A German study of 1,600 participants, revealed that sodium lauryl sulfate caused skin irritation in 42% of the patients. In fact, because SLS is known to be a skin irritant, it’s used as a positive control in dermatological testing. When products are tested to see how irritating they may be, they’re compared to sodium lauryl sulfate because of their known elevated levels of irritation.

If you’re someone with sensitive skin or who suffers from sensitive or bleeding gums, it’s recommended to avoid sodium lauryl sulfate in toothpaste and other products. SLS can be found in shampoos and conditioners, soaps, bath bombs and bath bubbles, dish detergents, laundry detergents, and more.

4. Carrageenan

Why is there carrageenan in toothpaste?

Derived from red seaweed, carrageenan stabilizes and thickens the consistency of toothpaste.

Why is carrageenan bad?

While the Food and Drug Administration approves of carrageenan, animal studies have shown that this ingredient is linked to gastrointestinal inflammation, ulcers, and colon cancer.

5. Propylene glycol

Why is there propylene glycol in toothpaste?

Propylene glycol is the main ingredient in anti-freeze and paint and is also found in toothpaste. It’s used to prolong shelf life and provide a smooth texture for customer satisfaction.

Why is propylene glycol bad?

Frequent exposure to propylene glycol has been linked to damage of the central nervous system, liver, and heart. The effects of propylene glycol may be more severe in those with liver or kidney problems due to the fact that malfunctioning kidneys and liver are unable to properly break down propylene glycol.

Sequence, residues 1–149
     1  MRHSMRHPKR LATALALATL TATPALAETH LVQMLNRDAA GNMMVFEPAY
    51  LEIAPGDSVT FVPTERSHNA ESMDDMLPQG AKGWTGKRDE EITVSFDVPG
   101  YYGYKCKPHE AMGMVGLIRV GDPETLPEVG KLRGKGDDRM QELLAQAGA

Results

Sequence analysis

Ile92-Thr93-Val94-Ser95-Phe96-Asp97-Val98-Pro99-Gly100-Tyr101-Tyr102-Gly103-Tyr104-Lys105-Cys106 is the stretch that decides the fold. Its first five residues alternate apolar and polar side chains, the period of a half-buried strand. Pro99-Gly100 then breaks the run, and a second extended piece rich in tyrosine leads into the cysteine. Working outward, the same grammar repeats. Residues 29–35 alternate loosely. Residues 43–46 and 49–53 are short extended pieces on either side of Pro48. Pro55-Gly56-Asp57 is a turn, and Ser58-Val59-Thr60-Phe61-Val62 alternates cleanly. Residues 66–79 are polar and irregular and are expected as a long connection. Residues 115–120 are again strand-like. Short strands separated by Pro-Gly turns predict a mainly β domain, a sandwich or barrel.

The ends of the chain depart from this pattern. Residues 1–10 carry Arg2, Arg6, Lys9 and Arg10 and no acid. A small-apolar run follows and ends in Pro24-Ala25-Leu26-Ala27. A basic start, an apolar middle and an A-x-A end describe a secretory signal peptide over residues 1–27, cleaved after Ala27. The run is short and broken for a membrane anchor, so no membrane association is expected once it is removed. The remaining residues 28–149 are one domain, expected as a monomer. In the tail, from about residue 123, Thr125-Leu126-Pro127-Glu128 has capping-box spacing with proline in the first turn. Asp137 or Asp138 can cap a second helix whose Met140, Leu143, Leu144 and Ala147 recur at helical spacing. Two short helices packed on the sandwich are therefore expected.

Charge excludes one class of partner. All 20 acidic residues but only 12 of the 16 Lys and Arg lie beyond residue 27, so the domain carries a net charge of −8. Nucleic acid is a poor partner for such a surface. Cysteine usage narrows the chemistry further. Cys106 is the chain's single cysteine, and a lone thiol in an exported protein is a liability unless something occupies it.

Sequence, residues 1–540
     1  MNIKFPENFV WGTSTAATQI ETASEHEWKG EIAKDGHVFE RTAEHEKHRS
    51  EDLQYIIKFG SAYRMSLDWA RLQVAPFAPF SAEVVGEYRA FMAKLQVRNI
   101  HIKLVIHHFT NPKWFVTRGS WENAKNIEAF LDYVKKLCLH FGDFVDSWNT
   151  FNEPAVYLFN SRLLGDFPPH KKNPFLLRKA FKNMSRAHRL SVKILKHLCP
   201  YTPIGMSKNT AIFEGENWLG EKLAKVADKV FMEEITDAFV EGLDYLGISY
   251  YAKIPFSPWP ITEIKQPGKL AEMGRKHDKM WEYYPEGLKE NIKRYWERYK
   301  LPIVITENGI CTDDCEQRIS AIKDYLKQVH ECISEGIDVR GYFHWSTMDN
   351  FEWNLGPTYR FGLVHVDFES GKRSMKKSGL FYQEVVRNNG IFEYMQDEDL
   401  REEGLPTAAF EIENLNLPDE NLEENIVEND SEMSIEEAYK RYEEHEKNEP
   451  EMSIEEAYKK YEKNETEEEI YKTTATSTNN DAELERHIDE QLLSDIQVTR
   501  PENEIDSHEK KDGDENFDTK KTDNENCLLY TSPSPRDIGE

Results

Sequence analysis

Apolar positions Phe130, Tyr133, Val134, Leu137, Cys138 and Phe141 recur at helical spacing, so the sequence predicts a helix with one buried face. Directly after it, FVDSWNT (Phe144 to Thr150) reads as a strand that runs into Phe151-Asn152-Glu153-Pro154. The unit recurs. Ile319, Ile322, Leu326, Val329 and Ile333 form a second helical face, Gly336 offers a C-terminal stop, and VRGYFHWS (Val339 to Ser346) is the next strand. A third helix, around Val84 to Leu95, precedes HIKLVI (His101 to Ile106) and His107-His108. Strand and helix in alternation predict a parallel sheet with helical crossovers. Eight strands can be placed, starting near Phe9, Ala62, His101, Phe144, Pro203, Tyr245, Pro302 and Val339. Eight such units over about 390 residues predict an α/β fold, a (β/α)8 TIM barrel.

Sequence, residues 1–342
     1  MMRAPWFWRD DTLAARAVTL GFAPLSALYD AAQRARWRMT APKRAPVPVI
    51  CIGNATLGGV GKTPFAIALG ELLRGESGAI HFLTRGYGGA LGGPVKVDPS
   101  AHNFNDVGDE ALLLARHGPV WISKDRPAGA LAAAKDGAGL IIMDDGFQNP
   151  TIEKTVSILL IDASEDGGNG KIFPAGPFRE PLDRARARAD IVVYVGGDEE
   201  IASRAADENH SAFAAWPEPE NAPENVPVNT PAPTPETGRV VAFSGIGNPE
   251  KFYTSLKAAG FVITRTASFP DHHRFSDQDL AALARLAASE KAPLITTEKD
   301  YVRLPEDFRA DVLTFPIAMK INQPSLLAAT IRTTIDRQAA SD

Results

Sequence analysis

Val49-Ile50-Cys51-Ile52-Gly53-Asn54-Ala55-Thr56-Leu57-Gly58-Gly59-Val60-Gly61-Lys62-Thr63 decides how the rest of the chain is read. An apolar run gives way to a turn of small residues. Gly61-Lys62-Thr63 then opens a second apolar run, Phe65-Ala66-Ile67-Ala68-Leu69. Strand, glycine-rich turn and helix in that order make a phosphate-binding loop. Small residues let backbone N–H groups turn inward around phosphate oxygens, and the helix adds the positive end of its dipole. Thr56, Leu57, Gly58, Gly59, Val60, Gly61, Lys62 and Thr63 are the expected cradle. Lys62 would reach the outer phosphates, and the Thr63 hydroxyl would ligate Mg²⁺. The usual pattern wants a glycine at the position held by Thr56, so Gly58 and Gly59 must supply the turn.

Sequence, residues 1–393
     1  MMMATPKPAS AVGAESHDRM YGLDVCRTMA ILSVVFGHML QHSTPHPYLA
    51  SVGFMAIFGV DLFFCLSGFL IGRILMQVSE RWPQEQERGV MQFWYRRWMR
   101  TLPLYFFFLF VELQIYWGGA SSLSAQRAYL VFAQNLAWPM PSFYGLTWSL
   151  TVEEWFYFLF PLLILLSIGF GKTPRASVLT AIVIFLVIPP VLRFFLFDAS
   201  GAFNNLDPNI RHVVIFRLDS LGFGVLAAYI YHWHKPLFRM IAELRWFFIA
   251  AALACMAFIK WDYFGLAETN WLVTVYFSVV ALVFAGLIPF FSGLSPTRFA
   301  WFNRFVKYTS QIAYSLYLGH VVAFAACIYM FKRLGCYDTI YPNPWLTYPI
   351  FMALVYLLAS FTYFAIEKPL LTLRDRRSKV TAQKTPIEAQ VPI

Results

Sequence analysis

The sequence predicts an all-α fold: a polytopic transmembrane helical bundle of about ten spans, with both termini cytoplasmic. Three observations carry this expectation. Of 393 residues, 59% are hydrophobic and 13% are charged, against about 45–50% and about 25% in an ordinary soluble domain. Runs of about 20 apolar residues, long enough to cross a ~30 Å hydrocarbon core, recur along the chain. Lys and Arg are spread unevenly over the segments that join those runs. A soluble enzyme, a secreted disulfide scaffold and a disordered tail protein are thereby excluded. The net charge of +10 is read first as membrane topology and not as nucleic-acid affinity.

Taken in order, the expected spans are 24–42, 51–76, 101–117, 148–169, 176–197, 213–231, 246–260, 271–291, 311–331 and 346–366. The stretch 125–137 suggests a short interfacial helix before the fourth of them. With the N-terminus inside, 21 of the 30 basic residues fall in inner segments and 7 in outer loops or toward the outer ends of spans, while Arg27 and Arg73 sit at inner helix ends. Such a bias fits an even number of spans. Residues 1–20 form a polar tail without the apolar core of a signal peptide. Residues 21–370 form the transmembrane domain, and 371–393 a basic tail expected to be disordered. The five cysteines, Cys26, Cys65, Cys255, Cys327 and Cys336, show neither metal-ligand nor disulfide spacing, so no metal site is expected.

This chemical can also be found in cosmetics, and prescription drugs.

How can I avoid chemicals in toothpaste?

Photo: ChangeToothpaste.com

While there are many toothpaste manufacturers that use detrimental chemicals in their products, there are also many great toothpaste companies that use 100% natural ingredients!

When purchasing toothpaste, take the time to look at the ingredient list to see if it contains any of the top five harmful ingredients: sodium fluoride, triclosan, sodium lauryl sulfate, carrageenan, and propylene glycol. The Environmental Working Group (EWG) has a large database of personal care products, each with a rating between one and ten. These ratings, one being non-toxic, and ten being extremely toxic, help shoppers make wise and conscious purchases.

Change Market has partnered with the best non-toxic, sustainable, and vegan toothpaste company. Their all-natural toothpaste is packaged in compostable packaging, meaning zero waste is left behind!

expert references

Patch testing with the irritant sodium lauryl sulfate (SLS) is useful in interpreting weak reactions to contact allergens as allergic or irritant by J. Geier, et al.
Sodium fluoride: The pros & cons of this dental care ingredient by Joseph Rauch
Sodium lauryl sulfate
Sodium lauryl phosphate for irritant patch testing – a dose-response study using bioengineering methods for determination of skin irritation by Tove Agner & Jorgen Serup
Why do we have fluoride in our water?